Interview with Hazel Carby
Hazel Carby is the Charles C. and Dorothea S. Dilley professor emeritus of African American studies and professor emeritus of American studies at Yale University. She was recently awarded the British Academy’s Nayef Al-Rodhan Prize for Global Cultural Understanding for her book Imperial Intricacies: A Tale of Two Islands, which weaves her family’s past into the history of Britain and Jamaica under the British Empire.
Where and when were you born?
In January 1948, in the house of a distant relative of my mother’s in Devon. My father was an airman based at RAF Waddington [in Lincolnshire]. When he was seconded to take a course in accountancy in south London, my parents were unable to find anyone willing to rent to a black man with a white wife. My mother went to Devon alone in the winter of 1947.
How has this shaped who you are?
My mother was Welsh but grew up in Devon and Somerset, where my grandfather worked as an agricultural labourer. I grew up in London, but he taught me not to be afraid of cows or sheep, and to love walking in the countryside. He taught me to see, appreciate and understand rural environments and ecologies. I think of myself as a Londoner of Jamaican and Welsh ancestry, who is also an avid birder.
What advice would you give to your younger self?
I would tell the teenager to ask her father to talk more about his life in Jamaica. I would tell the child she should tell her mother that she had been raped but I don’t think it would have changed the child’s mind because she thought it was her fault.
What kind of undergraduate were you?
Studious. I had fallen in love with 19th-century English literature in my early teens. But I also learned to be an activist and spent a lot of time outside the American embassy protesting the Vietnam War and was active in the anti-apartheid movement. I learned about state repression from marching in the streets, but I always had a book in my pocket.
What was most memorable about that time?
The innovative curriculum at Portsmouth Polytechnic that incorporated literature, culture, history and sociology was amazing. Professors like John Oakley and Roger Bromley introduced me to cultural and literary theory that broadened my intellectual horizons. They taught me to think critically.
Why did you move from teaching in secondary schools to academia?
I was interested in how racism shaped the British education system, so I pursued a graduate degree at the Institute of Education in 1970, where I was distressed to discover the complete absence of racism in the lectures. The most interesting professor there was Michael Young, author of Knowledge and Control. In 1972, I started teaching at a newly formed comprehensive school in Newham during the time the Greater London Council [GLC] was diverting money and resources from the richest to the poorest areas and we benefited. A team of us developed an innovative, progressive interdisciplinary curriculum. Margaret Thatcher, as education minister, first abolished free school milk and then attacked progressive education policies. What had been built was being destroyed and eventually, of course, Thatcher also abolished the GLC. I had read the work of cultural theorist Stuart Hall and the Centre for Contemporary Cultural Studies at the University of Birmingham. Young gave me the courage to apply.
What was your experience there?
My time at the centre taught me about the importance of collaborative intellectual work. I became part of the race and politics group with Paul Gilroy and others, and we worked on The Empire Strikes Back: Race and Racism in 70s Britain together. In the weekly seminars run by Hall, the deep reading and engagement in Marxist theory and rigorous and passionate debates that took place there lie the roots of my intellectual formation.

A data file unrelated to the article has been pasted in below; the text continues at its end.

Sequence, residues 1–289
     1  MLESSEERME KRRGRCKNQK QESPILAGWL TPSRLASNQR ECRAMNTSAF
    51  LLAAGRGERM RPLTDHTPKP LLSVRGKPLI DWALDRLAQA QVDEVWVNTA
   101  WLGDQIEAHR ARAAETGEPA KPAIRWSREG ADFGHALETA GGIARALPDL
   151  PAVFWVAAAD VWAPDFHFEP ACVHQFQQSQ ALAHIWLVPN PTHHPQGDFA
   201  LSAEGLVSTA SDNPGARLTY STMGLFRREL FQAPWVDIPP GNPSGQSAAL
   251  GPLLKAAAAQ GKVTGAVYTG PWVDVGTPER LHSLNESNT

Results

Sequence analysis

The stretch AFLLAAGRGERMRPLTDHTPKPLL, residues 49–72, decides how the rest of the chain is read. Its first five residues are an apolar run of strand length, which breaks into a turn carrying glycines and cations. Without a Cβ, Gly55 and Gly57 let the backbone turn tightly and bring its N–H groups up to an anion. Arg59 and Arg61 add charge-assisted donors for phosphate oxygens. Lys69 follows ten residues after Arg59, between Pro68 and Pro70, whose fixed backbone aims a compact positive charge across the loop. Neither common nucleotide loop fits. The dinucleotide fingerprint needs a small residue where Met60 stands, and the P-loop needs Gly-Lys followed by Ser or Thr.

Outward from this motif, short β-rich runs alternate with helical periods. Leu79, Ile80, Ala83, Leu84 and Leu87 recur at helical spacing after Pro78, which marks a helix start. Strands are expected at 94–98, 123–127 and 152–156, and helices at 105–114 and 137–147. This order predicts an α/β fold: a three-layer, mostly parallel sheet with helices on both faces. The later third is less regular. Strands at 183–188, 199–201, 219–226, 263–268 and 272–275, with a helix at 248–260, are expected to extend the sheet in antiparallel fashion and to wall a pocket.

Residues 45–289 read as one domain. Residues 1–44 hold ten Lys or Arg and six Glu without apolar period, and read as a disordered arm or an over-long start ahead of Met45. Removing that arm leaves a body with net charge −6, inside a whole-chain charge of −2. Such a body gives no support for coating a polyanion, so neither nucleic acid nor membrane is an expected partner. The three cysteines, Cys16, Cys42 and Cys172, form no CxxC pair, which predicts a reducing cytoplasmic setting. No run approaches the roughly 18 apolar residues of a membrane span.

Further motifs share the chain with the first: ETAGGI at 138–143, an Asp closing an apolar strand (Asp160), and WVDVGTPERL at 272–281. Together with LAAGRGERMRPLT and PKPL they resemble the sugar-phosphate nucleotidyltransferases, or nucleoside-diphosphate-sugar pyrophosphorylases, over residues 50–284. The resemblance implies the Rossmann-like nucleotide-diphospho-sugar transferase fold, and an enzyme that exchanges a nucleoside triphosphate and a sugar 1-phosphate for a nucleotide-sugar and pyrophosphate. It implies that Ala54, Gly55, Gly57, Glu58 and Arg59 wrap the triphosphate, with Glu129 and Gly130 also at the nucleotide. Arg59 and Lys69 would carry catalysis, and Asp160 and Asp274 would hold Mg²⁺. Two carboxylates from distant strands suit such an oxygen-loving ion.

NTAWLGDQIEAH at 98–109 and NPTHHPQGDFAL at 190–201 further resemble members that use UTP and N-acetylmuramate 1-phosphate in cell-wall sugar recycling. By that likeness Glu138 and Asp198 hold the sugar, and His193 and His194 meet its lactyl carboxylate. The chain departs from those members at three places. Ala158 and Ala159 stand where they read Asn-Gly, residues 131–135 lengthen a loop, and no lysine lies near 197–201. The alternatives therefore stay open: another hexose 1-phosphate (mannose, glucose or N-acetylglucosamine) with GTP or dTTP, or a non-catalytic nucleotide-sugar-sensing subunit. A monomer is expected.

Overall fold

Why did you combine personal experiences with academic analysis in Imperial Intricacies?
I wanted to tell a story of how ordinary people are tied to each other across the Atlantic, so examples from my families in Jamaica and the UK became a way to do that. I use the family structure to tell a wider story of empire and imperialism, to ask what we know and do not know about our shared colonial past, and to explore how Britishness harbours the deepest interconnections of class and race and gender.
Why is it so important to examine the legacies of British imperialism?
In the book, I describe when the girl was called a liar by a teacher for telling the class that her father served in the RAF during the war. The teacher announced that coloured people were not British but immigrants who arrived in the UK after the war had been fought and won. Having previously absorbed the fact that she was a “nigger”, a “wog”, “coloured” and “half-caste”, that was the point at which she learned that she was not considered British. I write from the perspective of someone of Jamaican Welsh ancestry who does not take definitions of being British for granted but asks how people come to understand themselves as British, as imperial or colonial subjects; how some came to believe they were white and superior to those who were not. These are still relevant questions. Many forms of historical amnesia remain, disguising the aftermath of colonialism and empire. I wanted to expose them.
What is the best thing about your job?
I have always enjoyed teaching, seeing doors open in the mind of a student when they encounter something for the first time, whether it be a painting or a poem, a work of history or a new concept. Virtual teaching has severe pedagogical limits.
What would you like to be remembered for?
The path-breaking and very important work of my students and for being supportive and encouraging as a teacher and as a mum.
What do you do for fun?
I enjoy exploring art galleries. I love being in our cottage in the Northeast Kingdom of Vermont close to the border on a glacial lake which the entire community works very hard to keep pristine.